Clouds that compute?

What is Cloud Computing?

Cloud Diagram

Cloud Diagram

As technology continues to become more and more embedded in our business work-flow; cloud computing is quickly becoming a vital part. Whether you are a college student, producer, or even a lawyer, aspects like data storage and bandwidth always will either hinder or facilitate our work-flow. Cloud computing is described by Bright Hub as

‘a computing system in which tasks are assigned through a combination of connections, service and software shared over a network. This collective collection is known as ‘the cloud’.” (Rhonda Callow, Bright Hub)

In short, cloud computing allows for the workload to be taken off of a single computer and applied externally (the cloud), allowing for the computer to still use the applications or data, but through interface software. One of the most adopted forms of cloud computing is email. If you have something like a gmail, hotmail, or a yahoo email account: you are cloud computing. As the account holder, we access the cloud via a browser and through the gmail or yahoo interface design, this is also known as the ‘front end‘. The data or in this case email, is stored on the ‘back end’, which is described as

“the various computers, servers, and data storage systems that create the ‘cloud’ of computing services.” (Jonathan Strickland, How Stuff

When the front and back end are combined we get a very efficient and productive business practice that can have some substantial results.


FC Server GUI

FC Server GUI

A form of cloud computing that is part of my job work-flow is the Final Cut Server. As a video production studio it is absolutely vital to have access to files, assets, and media in an organized and reliable fashion to ensure the fastest turnaround time as possible for our clients. Because of this, our studio installed the FC Server seven months ago. Since the FC Server was installed, we have been able to increase our productivity while lessening the strain on our editing systems. Apple does a good job describing their product;

“with faster performance and a more robust edit proxy work-flow, Final Cut Server 1.5 delivers powerful tools for media asset management, review and approval, and job traffic/work-flow automation.” (

Like the other cloud systems, the FC Server has a front and back end. The front end, or shared side, as we call it, is the the software aspect of the FC Server. A very simple GUI, and functionality, the shared side of the server serves as our resting spot for client review and indexing of current media that is being broadcast. The shared side is also designed to have a web-based outlet for review, in the same way as email. Our clients can punch in a specific web address and see their video, all without having to be at our studios. The back end, or root side, serves as the hardware aspect of the server. The data ultimately has to be stored somewhere, and that is the purpose of the root side. A 20 terabyte drive was installed in order to meet our needs which houses our scrath and working projects.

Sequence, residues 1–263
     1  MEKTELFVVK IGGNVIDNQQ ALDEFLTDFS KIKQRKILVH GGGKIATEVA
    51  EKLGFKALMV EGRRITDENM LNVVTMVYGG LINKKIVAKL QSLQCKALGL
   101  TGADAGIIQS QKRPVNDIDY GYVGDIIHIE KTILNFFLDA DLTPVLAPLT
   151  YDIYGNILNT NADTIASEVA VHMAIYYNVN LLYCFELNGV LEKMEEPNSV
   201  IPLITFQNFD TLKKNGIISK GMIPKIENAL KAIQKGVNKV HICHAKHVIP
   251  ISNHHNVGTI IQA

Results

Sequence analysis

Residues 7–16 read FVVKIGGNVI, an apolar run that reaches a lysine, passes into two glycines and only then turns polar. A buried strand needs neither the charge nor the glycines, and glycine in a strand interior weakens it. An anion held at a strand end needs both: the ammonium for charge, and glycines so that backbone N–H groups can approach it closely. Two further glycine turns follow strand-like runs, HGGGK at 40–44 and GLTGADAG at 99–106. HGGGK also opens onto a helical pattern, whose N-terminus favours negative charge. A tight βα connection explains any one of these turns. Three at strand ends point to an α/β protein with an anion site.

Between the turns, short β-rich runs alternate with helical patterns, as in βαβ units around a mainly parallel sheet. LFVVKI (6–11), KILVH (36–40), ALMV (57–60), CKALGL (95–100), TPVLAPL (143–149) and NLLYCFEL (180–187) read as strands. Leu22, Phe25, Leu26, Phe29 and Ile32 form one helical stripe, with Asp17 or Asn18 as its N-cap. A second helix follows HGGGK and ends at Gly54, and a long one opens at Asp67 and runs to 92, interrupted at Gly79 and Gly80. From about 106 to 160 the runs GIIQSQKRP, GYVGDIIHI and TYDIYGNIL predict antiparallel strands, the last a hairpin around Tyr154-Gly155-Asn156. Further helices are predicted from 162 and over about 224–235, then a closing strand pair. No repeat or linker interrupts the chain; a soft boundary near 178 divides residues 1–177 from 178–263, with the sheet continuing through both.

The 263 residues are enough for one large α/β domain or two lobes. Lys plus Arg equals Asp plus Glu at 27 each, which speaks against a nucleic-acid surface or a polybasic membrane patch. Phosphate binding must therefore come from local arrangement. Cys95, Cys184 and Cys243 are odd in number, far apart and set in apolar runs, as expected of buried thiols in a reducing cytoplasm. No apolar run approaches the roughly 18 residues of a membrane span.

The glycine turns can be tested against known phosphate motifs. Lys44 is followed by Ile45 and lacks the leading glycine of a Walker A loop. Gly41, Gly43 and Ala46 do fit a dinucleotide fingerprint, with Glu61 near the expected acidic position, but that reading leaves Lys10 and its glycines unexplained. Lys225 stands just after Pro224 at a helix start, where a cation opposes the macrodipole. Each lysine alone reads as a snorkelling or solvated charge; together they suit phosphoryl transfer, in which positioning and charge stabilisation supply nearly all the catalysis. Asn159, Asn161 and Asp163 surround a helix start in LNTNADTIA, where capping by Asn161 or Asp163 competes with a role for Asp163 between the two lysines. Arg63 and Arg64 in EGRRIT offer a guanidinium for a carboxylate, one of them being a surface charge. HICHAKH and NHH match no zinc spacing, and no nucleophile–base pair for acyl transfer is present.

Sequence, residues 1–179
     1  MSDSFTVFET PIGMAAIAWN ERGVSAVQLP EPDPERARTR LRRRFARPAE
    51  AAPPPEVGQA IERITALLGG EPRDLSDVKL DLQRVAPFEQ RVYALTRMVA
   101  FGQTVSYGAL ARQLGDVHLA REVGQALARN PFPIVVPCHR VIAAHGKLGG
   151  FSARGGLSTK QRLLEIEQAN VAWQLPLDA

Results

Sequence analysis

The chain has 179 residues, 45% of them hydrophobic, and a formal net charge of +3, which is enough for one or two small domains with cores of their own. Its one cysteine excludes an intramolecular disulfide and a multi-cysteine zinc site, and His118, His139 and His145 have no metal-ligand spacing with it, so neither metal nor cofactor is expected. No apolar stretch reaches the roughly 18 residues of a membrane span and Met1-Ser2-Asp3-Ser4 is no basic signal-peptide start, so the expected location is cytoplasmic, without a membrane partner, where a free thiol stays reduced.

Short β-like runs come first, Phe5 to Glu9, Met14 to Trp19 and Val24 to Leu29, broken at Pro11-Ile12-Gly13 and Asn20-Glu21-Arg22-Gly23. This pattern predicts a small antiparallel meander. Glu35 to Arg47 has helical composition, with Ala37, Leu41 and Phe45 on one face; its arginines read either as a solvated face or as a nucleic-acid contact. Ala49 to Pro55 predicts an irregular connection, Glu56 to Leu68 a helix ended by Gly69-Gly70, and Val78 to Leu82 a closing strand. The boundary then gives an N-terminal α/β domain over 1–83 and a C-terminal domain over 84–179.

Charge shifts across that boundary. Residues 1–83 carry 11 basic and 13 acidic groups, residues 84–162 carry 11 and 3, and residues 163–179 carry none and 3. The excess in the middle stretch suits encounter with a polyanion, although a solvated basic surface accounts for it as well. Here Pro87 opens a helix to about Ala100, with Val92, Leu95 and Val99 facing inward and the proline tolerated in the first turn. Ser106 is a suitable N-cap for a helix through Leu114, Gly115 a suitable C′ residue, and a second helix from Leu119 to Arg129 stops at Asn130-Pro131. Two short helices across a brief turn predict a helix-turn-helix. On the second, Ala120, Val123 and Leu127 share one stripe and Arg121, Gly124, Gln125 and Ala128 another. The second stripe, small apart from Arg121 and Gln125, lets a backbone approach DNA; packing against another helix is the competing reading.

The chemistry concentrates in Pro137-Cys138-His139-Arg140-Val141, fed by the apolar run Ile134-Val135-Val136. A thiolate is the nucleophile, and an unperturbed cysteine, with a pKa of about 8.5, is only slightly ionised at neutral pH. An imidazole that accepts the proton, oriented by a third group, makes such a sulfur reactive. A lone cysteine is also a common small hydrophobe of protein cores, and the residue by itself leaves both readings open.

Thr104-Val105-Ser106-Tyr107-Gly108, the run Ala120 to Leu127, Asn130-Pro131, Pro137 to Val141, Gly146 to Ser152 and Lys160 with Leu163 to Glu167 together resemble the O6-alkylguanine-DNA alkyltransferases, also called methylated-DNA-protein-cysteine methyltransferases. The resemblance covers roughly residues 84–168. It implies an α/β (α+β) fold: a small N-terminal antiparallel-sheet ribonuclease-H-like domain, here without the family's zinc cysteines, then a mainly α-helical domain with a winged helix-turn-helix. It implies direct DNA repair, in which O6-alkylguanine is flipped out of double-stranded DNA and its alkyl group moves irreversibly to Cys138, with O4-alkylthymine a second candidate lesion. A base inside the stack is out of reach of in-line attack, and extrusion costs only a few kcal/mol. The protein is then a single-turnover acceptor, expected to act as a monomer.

This creates a centralized place where all of our current media is housed. This allows for any of the five edit stations to connect to this drive at the same time, creating a streamlined workflow and

“provides creatives with more time to be creative, and lets the software worry about doing much of the grunt work of organizing, version management, transcodes, and notifications.” (Charlie Hill, O’Reilly Media)

It eliminates worrying about harddrives filling up, reserves processing power, and foremost, it allows for uniform and consistent way of maintaining data.


Admittedly, the Final Cut Server has its flaws, as I am sure most cloud computing systems do, but the upside far outweighs the downside from my experience. The studio now has a consistent way of storing and cataloging our media as well as our entire projects. There is no doubt that cloud computing is going to continue to grow and be a part of our lives. More than just email, but with the growing trend of cloud based storage and disaster recovery, the popularity is only going to grow. I am excited for what the future is going to hold, this technology is increasingly getting smarter and smarter and in turn, increasing productivity. Which is the point…Right?


About dslrcinematics

As an aspiring DP, this blog is dedicated to the growing industry trend of motion picture creation using DSLR Cameras.
This entry was posted in Editorial, Personal, Technology and tagged , , . Bookmark the permalink.

6 Responses to Clouds that compute?

  1. wallacebrad says:

    This is well written, detailed and informative. Very useful. The pictures and description boxes could have more space to avoid looking cluttered, though.

  2. Aaron Allen says:

    Interesting article, thanks for sharing how you use cloud computing in your workflow. Have you looked at any Avid systems? I’m a little curious as to how the “cloud” abilities relate from Avid to FC.

  3. fanconnect says:

    I believe it will be very interesting to see how as our access to large amounts of bandwidth increases, how it will effect our ability to share very large video files, such as Apple ProRes codexes, and various other file formats that require large amounts of space.

    What I also find would be especially interesting is if when we edit video if we can have the source video embedded from a cloud source, and not just a file that has been stored on an external hard drive.

  4. devicelife says:

    Very well written. The FC Server example really made things clear. Sounds like a powerful system.

  5. It’s always nice to hear from someone that actually uses cloud computing in their selective field. This should give us an idea as to how it will be implemented in the future.

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